The E-cadherin encoding gene (CDH1) is a key epithelial marker, and repression of this gene is a hallmark of the EMT process13. Therefore, we tested whether TBL1 is involved in controlling the expression of CDH1. Knockdown of TBL1 in HMEC-RAS-ZEB1 cells by interference RNA promoted upregulation of CDH1 at both the mRNA and protein levels (Fig. 2). The CDH1 transcript was also upregulated with a second independent small interfering RNA (siRNA) that targeted TBL1 (Supplementary Fig. S1A). Knockdown of ZEB1 by a siRNA that targets both the endogenous hZEB1 (Fig. 2a and Supplementary Fig. S1B) and the transgenic HA-mZEB1 (Supplementary Fig. S1B) was also performed as control. Depletion of ZEB1 also promoted the upregulation of CDH1, as expected (Fig. 2a–e). Notably, knockdown of TBL1 or ZEB1 increased the CDH1 transcript levels by 22.9- and 31.3-fold, respectively, while knockdown of both TBL1 and ZEB1 at the same time increased transcript levels by 105.8-fold, indicating that both factors synergistically cooperate to regulate CDH1 (Fig. 2a). Synergistic upregulation was also observed at the level of protein levels (6.8- and 7.0-fold, respectively, after independent knockdown, versus 17.1-fold after combined knockdown) (Fig. 2c, d). Depletion of TBL1 also decreased endogenous hZEB1 expression at both the mRNA and protein levels, suggesting that TBL1 directly or indirectly also controls hZEB1 levels.
TBL1 cooperates with ZEB1 to regulate the CDH1 and hZEB1 promoters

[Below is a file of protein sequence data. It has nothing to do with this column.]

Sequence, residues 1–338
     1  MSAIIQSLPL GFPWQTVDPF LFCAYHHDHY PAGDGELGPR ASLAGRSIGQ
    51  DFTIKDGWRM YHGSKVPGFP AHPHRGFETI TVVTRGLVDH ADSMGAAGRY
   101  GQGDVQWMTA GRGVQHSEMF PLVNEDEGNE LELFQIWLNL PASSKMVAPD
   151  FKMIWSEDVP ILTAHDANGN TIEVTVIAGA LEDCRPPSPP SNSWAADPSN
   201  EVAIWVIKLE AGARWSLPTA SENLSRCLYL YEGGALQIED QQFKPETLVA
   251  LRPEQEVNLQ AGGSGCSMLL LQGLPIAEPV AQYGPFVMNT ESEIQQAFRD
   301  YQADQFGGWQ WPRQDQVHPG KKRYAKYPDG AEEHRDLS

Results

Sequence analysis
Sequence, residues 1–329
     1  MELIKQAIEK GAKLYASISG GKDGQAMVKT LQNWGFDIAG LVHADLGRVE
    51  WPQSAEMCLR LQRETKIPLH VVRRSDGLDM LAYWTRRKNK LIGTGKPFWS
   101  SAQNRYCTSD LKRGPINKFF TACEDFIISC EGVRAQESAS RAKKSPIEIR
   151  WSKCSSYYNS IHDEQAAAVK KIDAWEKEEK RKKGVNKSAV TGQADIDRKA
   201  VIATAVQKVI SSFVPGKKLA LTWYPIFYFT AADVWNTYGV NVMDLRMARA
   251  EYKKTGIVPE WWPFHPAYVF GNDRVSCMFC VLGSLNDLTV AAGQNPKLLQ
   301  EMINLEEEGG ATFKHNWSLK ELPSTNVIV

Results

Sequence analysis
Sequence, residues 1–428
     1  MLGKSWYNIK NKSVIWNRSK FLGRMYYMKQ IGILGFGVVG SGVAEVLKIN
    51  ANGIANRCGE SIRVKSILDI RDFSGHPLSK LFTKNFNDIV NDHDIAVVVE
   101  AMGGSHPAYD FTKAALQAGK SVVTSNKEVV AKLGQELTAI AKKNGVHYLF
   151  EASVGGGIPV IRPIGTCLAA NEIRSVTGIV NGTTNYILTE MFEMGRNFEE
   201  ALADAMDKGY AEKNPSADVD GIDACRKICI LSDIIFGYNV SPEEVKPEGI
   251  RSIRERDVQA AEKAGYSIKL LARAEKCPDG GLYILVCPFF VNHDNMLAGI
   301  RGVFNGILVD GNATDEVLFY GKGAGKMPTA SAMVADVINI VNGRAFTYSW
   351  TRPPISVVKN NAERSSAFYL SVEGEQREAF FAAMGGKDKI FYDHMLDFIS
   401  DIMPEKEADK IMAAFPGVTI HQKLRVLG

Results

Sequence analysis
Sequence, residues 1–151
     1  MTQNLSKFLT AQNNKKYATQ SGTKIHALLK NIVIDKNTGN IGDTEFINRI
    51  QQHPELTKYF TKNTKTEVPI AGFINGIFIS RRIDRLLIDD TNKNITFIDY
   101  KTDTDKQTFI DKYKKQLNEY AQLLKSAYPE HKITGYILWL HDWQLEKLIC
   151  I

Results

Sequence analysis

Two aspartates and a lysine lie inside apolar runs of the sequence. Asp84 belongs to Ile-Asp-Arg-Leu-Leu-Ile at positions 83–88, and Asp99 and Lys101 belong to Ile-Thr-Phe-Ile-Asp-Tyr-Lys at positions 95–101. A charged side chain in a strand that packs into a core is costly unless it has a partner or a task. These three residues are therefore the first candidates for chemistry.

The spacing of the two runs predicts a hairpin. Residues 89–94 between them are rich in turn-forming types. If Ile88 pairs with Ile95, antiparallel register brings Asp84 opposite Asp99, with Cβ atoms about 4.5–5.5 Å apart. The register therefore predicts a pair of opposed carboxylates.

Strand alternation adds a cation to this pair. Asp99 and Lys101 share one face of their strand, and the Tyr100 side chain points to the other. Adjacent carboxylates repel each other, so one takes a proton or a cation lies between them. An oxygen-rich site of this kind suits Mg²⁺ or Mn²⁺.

Next, we investigated whether TBL1 directly regulates the CDH1 promoter. We used a reporter plasmid in which expression of the luciferase gene is under the control of the CDH1 promoter (region –178 to +92 with respect to the transcriptional start site [TSS]). As expected, co-transfection of an HA-ZEB1 expression plasmid with the CDH1 promoter reporter construct reduced luciferase activity levels (Fig. 3a). Interestingly, in the absence of ZEB1, Flag-TBL1 did not repress the CDH1 promoter; however, co-expression of Flag-TBL1 increased repression caused by HA-ZEB1, suggesting that TBL1 cooperates with ZEB1 to repress the CDH1 promoter (Fig. 3a). We have also shown that knockdown of TBL1 decreases the expression of endogenous hZEB1 (Fig. 2). Therefore, we tested whether TBL1 regulates the ZEB1 promoter (region −1079 to −80 with respect to the TSS), also by using a luciferase reporter plasmid. In this case, expression of Flag-TBL1 or HA-ZEB1 increased luciferase activity (Fig. 3b). Co-expression of both factors together further increased activity, again suggesting a cooperation between both factors (Fig. 3b).
We then performed chromatin immunoprecipitation (ChIP) experiments using HMEC-RAS-ZEB1 cells to investigate whether endogenous TBL1 and ZEB1 are directly recruited to the CDH1 and ZEB1 promoters. We found that both TBL1 and ZEB1 were present at both promoters (Fig. 3c). As a control, we verified that TBL1 depletion decreased TBL1 occupancy, confirming the specificity of the ChIP signals. Interestingly, TBL1 knockdown also decreased the occupancy of ZEB1 at both the CDH1 and ZEB1 promoters (Fig. 3c), consistent with the reduction of ZEB1 levels observed upon TBL1 depletion (Fig. 2).